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News > World

Experts: Israel's Netanyahu Claim on Iran Nuclear Program, Baseless, 'Just Theatrics'

  • Israeli Prime Minister Benjamin Netanyahu speaks during a news conference at the Ministry of Defence in Tel Aviv.

    Israeli Prime Minister Benjamin Netanyahu speaks during a news conference at the Ministry of Defence in Tel Aviv. | Photo: Reuters

Published 1 May 2018

After Netanyahu’s speech the International Atomic Energy Agency said it has "no credible" evidence Iran was developing a nuclear arms since 2009.

Mohammed Javad Zarif, the Iranian foreign minister, rejected claims by the Israeli Prime Minister Benjamin Netanyahu that Tehran is secretly building nuclear weapons, an argument also rejected by many international observers and world leaders.


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“BREAKING: The boy who can't stop crying wolf is at it again. Undeterred by cartoon fiasco at UNGA. You can only fool some of the people so many times,” wrote Zarif on his official Twitter account, showing a photograph of the infamous bomb cartoon that Netanyahu presented at the United Nations in 2012 in a speech making his case against the Iran nuclear deal.

In a televised press conference Monday, Israel's Prime Minister presented 55,000 pages of documents and pictures obtained by his intelligence agency allegedly revealing that Iran “lied about their commitment with the nuclear agreement signed in 2015.”

Netanyahu said he shared the information with the U.S., France, the United Kingdom and the International Atomic Energy Agency (IAEA), just days ahead of May 12, the day President Donald Trump will announce if the U.S. will backtrack on the nuclear deal reached with Iran during Obama's administration.

“How convenient,” said Zarif, “Coordinated timing of alleged intelligence revelations by the boy who cries wolf just days before May 12. But Trump’s impetuousness to celebrate blew the cover.”

The Iranian foreign minister claims that both Netanyahu and Trump are trying to revive old accusations the IAEA had already dismissed, while other parties to the historic deal seem to agree with that, except for the U.S. president.

Zarif also recalled that U.S. Secretary of State Mike Pompeo had said, at the time of the signing of the agreement when he was a member of the U.S. House of Representatives, that Iran wasn't “racing to a weapon before the deal” nor would do after. However Pompeo now changed his mind after taking the new post at The Trump administration, saying “"time to revisit question of whether Iran can be trusted to enrich…any nuclear material".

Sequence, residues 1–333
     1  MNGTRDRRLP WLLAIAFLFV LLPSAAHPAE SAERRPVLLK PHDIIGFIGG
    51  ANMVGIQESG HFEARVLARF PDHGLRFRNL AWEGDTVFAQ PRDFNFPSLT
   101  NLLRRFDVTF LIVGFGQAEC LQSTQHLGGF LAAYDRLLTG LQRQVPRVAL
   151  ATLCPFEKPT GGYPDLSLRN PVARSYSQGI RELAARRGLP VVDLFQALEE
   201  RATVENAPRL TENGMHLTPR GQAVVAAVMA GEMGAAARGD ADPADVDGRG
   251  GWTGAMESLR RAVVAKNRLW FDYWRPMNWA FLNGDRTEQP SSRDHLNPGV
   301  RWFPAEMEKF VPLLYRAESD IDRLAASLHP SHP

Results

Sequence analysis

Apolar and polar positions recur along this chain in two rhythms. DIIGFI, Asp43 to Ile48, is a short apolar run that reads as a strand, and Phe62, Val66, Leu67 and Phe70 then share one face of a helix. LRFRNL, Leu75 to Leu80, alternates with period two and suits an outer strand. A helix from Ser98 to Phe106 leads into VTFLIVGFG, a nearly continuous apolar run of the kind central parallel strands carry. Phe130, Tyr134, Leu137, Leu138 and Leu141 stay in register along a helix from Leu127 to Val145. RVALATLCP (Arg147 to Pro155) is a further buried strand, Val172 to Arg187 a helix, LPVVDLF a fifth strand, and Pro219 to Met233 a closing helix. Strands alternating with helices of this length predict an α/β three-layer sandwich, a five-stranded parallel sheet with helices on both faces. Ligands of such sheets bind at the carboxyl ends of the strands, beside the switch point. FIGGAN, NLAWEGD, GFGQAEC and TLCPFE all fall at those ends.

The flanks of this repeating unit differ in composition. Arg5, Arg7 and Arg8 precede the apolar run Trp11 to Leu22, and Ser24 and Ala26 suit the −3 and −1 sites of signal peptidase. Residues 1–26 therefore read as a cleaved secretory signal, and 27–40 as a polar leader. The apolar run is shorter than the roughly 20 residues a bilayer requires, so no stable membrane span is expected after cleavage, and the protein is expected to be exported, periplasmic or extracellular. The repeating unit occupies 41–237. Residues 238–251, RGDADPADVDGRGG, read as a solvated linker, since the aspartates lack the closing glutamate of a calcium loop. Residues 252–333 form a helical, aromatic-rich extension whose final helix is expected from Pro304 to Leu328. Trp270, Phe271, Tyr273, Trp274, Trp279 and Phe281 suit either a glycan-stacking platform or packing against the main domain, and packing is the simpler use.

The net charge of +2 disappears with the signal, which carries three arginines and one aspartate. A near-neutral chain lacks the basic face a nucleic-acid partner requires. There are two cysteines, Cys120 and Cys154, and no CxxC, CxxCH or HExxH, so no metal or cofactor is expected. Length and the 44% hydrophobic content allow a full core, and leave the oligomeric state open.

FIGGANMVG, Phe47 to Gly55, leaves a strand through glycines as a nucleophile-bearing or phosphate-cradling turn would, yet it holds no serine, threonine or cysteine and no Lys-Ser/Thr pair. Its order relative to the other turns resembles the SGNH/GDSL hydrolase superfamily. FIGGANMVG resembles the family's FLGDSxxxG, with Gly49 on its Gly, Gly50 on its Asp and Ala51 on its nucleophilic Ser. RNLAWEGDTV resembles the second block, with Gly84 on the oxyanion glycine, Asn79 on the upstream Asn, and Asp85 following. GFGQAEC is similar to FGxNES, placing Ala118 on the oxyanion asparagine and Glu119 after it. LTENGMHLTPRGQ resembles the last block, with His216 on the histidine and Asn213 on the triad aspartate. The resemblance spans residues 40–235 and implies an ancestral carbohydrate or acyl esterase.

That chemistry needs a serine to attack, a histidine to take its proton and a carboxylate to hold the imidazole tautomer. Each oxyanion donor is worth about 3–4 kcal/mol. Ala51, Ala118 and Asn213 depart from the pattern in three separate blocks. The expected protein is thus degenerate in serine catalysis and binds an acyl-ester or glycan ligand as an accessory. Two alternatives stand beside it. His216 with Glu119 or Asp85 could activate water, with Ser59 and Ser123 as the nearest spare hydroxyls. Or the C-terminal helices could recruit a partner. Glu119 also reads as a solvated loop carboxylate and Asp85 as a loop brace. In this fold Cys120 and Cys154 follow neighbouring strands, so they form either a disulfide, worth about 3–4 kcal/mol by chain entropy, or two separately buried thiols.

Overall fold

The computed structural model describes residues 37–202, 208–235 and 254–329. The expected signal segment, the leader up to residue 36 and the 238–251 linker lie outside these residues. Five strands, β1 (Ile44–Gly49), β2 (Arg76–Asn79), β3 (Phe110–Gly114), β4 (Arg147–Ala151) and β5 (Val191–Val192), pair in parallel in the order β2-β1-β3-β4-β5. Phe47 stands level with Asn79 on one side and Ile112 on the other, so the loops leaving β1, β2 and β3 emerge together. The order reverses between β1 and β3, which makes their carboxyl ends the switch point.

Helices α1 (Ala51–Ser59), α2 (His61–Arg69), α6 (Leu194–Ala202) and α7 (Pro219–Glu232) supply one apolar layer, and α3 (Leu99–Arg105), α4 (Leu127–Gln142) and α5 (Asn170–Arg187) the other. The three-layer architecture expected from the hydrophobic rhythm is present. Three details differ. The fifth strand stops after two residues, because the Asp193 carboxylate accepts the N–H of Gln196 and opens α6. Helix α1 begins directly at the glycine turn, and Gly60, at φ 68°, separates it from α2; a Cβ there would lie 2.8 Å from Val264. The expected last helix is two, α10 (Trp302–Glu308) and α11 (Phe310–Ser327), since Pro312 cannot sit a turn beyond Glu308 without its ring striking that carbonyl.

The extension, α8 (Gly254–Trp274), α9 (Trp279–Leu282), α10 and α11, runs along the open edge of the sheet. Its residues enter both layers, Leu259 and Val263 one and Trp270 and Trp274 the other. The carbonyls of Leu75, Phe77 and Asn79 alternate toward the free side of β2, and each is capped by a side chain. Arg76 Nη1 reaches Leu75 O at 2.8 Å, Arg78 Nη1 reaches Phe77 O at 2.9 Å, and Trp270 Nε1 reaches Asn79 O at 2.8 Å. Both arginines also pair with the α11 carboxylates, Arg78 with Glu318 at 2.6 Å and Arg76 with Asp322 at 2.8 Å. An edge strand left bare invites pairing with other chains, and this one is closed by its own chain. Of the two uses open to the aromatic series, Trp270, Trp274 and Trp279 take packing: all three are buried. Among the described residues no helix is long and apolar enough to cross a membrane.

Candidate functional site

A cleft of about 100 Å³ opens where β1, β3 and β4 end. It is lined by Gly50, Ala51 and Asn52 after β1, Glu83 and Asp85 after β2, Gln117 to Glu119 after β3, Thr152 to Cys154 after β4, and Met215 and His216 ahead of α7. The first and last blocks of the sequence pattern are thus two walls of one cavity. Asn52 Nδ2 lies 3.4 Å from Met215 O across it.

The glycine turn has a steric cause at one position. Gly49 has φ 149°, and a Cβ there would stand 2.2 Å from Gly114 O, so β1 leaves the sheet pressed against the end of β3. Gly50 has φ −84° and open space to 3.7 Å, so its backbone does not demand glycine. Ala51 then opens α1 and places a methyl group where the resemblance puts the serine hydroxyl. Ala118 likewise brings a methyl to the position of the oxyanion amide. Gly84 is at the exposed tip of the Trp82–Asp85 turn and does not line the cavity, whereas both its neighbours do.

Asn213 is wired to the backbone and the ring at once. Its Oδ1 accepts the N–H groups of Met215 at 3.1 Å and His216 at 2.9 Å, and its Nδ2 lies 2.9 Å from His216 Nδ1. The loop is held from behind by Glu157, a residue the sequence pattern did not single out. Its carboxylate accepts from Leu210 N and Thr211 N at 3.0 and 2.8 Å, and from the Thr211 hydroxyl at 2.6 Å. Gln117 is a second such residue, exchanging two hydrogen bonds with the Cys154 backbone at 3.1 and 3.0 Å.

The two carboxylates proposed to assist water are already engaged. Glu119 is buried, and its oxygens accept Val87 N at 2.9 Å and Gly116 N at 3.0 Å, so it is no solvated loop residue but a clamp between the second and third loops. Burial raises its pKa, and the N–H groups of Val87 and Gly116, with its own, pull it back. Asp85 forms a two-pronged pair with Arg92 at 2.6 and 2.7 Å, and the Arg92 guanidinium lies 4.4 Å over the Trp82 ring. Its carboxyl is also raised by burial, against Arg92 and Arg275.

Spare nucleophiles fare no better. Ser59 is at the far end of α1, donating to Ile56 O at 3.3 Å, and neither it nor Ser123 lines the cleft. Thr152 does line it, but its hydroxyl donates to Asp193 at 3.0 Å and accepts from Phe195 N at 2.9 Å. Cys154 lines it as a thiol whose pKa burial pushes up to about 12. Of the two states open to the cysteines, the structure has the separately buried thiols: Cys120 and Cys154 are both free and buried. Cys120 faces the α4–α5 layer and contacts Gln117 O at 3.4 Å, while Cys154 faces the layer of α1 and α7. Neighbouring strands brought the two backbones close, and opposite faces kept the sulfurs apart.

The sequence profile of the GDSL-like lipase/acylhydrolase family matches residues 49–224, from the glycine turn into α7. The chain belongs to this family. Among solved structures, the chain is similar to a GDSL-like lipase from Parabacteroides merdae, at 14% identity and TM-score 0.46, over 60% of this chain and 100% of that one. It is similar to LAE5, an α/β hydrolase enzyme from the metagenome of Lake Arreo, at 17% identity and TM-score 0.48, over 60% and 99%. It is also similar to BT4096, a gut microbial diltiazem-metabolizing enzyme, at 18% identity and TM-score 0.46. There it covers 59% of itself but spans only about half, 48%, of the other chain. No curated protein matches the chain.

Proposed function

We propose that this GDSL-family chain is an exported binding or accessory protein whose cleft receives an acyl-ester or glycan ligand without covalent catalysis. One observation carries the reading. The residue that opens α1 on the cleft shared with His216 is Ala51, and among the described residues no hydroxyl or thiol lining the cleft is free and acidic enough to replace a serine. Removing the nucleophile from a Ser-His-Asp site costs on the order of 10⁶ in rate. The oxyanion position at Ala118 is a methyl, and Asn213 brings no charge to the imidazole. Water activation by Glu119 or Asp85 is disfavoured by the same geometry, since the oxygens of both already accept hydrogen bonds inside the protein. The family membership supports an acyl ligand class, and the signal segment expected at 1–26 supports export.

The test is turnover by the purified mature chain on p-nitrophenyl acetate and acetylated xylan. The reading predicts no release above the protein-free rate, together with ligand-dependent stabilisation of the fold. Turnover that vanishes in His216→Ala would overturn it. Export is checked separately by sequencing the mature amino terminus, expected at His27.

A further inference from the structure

“So, which one is it?” asked Zarif.

According to Netanyahu, the documents represent “new and conclusive evidence about the nuclear program Iran is hiding from the international community since years ago.” But the message was not really aimed at convincing the general public about Iran's secret nuclear program.

International and Israeli experts said Netanyahu had presented no evidence Iran was in breach of the deal. Rather, it appeared the presentation, delivered almost entirely in English, was composed as an Israeli prelude to Trump quitting the accord.

Tzachi Hanegbi, Israeli minister for regional development and a Netanyahu confidant, said the presentation was meant to provide Trump with the grounds to bolt the deal.


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"In 12 days a huge drama will unfold. The American president will likely pull out of the deal," Hanegbi said in an interview to Israeli Army Radio.

Indirectly responding to the Israeli accusations, the International Atomic Energy Agency (IAEA) said Tuesday it has "no credible" evidence Iran was working on developing a nuclear "explosive device" after 2009 and that the U.N.'s nuclear watchdog considered the issue "closed" after it was presented in a report in December 2015.

A 2007 U.S. National Intelligence Estimate judged with "high confidence" that Tehran halted its nuclear weapons program in the fall of 2003. The IAEA later reached a similar assessment.

One Vienna-based diplomat who has dealt with the IAEA for years, when asked what he made of Netanyahu’s speech, said: "Nothing new. Theatrics."

"Israel's amazing intelligence has not provided a smoking gun," said Ehud Barak, a former Israeli prime minister and a frequent Netanyahu critic, told Army Radio. "All in all it is a big help for Trump ahead of the May 12 decision."

After Netanyahu spoke, Trump repeated his criticism of the deal, suggesting he backed the Israeli leader's remarks.

An Israeli official familiar with Netanyahu's telegenic style - one the Israeli leader has refined over decades in the international arena - said that the two-word headline "Iran Lied" that appeared beside him during the presentation was tailor-made for Trump's own short, pithy, rhetorical style.

On Sunday, French President Emmanuel Macron and Iranian President Hassan Rouhani spoke on the phone for more than an hour and agreed to work together to preserve the 2015 Iranian nuclear deal.

Macron stressed his willingness to continue with the deal, but agreed that some of the points criticized by Trump had to be revised, including the control of Iranian nuclear activity after 2025.

And just after Netanyahu's press conference, news broke out that the Israeli prime minister now has the power to start war activities just with the approval of the defense minister, Avigdor Lieberman, without the need of consulting the cabinet.

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